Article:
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THE GOSPEL ACCORDING TO LUKE - Chapter 24 - Verse 32

Verse 32. Our heart burn within us. This is an expression denoting the deep interest and pleasure which they had felt in his discourse before they knew who he was. They now recalled his instruction; they remembered how his words reached the heart as he spoke to them; how convincingly he had showed them that the Messiah ought to suffer, and how, while he talked to them of the Christ that they so much loved, their hearts glowed with intense love. This feeling was not confined to them alone. All the followers of Jesus know how precious and tender are the communications of the Saviour, and how the heart glows with love as they think or hear of his life, and sufferings, and death.

He opened to us. He explained to us the Scriptures. See Lu 24:27. This narrative shows us,

1st. How blind men may be to the plainest doctrines of the Scriptures until they are explained to them. These disciples had often read or heard the Scriptures, but never, till then, did they fully understand that the Messiah must suffer.

2nd. It is proper there should be those whose office it is to explain the Scriptures. Jesus did it while on earth; he does it now by his Spirit; and he has appointed his ministers, whose business it is to explain them.

3rd. If men attempt to explain the Bible, they should themselves understand it. They should give their time and talents to a suitable preparation to understand the sacred volume. Preaching should consist in real, and not fancied explanations of the Scriptures; the real doctrines which God has taught in his word, and not the doctrines that men have taught in their systems.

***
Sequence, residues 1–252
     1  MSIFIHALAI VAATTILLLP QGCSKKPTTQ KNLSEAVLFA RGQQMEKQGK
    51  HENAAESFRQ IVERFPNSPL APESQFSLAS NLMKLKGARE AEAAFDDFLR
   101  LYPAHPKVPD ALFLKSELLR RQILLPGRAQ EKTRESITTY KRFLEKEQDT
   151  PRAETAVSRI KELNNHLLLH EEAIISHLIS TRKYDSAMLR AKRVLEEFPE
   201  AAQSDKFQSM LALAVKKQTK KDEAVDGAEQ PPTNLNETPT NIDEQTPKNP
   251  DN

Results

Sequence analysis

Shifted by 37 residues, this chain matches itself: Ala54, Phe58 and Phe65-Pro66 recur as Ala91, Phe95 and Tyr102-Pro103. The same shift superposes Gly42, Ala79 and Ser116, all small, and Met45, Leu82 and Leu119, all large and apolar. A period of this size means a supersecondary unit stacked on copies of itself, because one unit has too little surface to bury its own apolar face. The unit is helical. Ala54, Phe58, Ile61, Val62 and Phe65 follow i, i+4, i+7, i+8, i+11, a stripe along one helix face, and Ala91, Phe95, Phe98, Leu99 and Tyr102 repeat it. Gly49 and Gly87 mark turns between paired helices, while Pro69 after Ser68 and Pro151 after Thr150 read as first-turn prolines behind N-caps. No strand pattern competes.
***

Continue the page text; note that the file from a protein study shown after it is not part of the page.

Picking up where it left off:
4th. Here was convincing evidence that Jesus was the Messiah. This was but one of many instances where Jesus convinced his disciples, contrary to their previous belief. In this case the evidence was abundant. He first satisfied them from the Old Testament that the very things which had happened were foretold; he then dissipated every doubt by showing himself to them and convincing them that he was truly the Christ. There was no chance here for deception and juggling. Who would have met them and talked with them in this way but the real Saviour? Who would have thought of writing this narrative to help an imposture? What impostor would have recorded the dulness of the disciples as to the plain declarations of the Old Testament, and then have thought of this device to prop up the narrative? Everything about this narrative—its simplicity—its tenderness—its particularity—its perfect nature—its freedom from all appearance of trick—shows that it was taken from real life; and if so, then the Christian religion is true, for here is evidence that Jesus rose from the dead.

{y} "burn" Ps 39:3; Jer 20:9; 23:29

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